I was raised a bookworm. My mom was a children's literature author and editor, and I had no idea other kids didn't get to spend their summers taking trips to the outdoor Shakespeare theater or the local library like I did. There was something about watching the lights come up on stage and hearing that crinkly sound of a cover-protector that was just as exciting as any canoe trip or game of kick-the-can. It was transportive.
These days, I'm still in love with books, probably even more so now that I've realized how much literature enhances the travel I enjoy as a Backroads leader. I'd even go so far as to claim that it was literature that opened my eyes to the wider world--especially wilderness--in the first place. I rely on books to help connect me more deeply to the social and natural histories I encounter along my hikes and bike rides, which makes each step or pedal stroke feel that much more meaningful.
For anyone heading into the open skies west of the Mississippi this summer, here are five terrific reads that will enhance your travel experience.
1. The Big Burn by Timothy Egan
It's part biography of Teddy Roosevelt, part chronicle of the National Forest Service and part drama as our nation faced its first major forest fire. Lives, livelihoods and even the future of wilderness in America were thrown into chaos and question. Now, more than 100 years later, while riding through Oregon's forested slopes on the Crater Lake Bike Tour, fire scars on the landscape prove that no decision made during that time was without consequence.
2. The Boys in the Boat by Daniel James Brown
Planning a trip to the Pacific Northwest? If you're traveling among the San Juan Islands, the rain forests of the Olympic Peninsula or through the bustle of Seattle, it's impossible not to see the world described on the pages of The Boys in the Boat in every tree, location name and landmark. It's a thriller of a sports story, a wrenching history of the Great Depression and Hitler's Germany, and a poignant glimpse into what life was like for the University of Washington "boys" who lived it.
3. The End of Night by Paul Bogard
Ever given much thought to the idea that you may not actually know what true darkness is like? Bogard asks what value, if any, is there to darkness and if we should be worried about its rapid disappearance from our world. From the bright Vegas strip, to the deep night at North America's lowest point, you won't miss the glaring contrasts of light and dark on the Death Valley Bike Tour, nor will you view a night sky in quite the same way after finishing this illuminating (pun intended) read.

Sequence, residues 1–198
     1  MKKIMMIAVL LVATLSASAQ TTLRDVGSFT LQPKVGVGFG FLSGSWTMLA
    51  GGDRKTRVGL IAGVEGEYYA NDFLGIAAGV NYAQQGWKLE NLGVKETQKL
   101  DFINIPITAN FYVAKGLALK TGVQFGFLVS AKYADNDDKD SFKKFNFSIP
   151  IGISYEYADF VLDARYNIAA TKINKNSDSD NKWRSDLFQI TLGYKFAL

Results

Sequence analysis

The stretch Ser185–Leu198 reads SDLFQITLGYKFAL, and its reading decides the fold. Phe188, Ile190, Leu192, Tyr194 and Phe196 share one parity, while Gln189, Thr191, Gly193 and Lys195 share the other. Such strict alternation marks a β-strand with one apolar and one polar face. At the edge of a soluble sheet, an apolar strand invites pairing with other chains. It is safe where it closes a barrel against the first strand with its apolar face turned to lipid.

4. The Emerald Mile by Kevin Fedarko
The labyrinthine landscape of the American Southwest deserts, showcased on the Backroads Bryce, Zion and Grand Canyon Multi-Adventure Tour is remarkable in its variation and scope--much like Fedarko's book. It simultaneously explains Powell's exploration down the Colorado River, hydropower engineering, water rights history and the personal narrative of a raft guide who attempts a speed record down the Colorado in a wooden dory (much like the one Powell himself used). It's nonfiction that reads like action-adventure and, in my experience, adds to the wonder I feel anytime I'm in the Southwestern desert.
5. The Last Season by Eric Blehm
Blehm is good--really good--at getting inside the psyche of Randy Morgenson, a park ranger in Yosemite who went missing in 1996 after 28 summers of serving the National Park Service. It's a nonfiction coming-of-age story in three parts: Morgenson, Yosemite and the NPS as they all struggle to find their identities in a changing world. I finished the book sensing that the point was less about discovering what happened to Morgenson and more about discovering how history has shaped my relationship with the national parks, where I spend an overwhelming majority of my best days.
This bookworm could go on and on, and this is by no means an exhaustive list. If you have other favorites, put them below in the comments. Happy exploring--by page, foot and bike!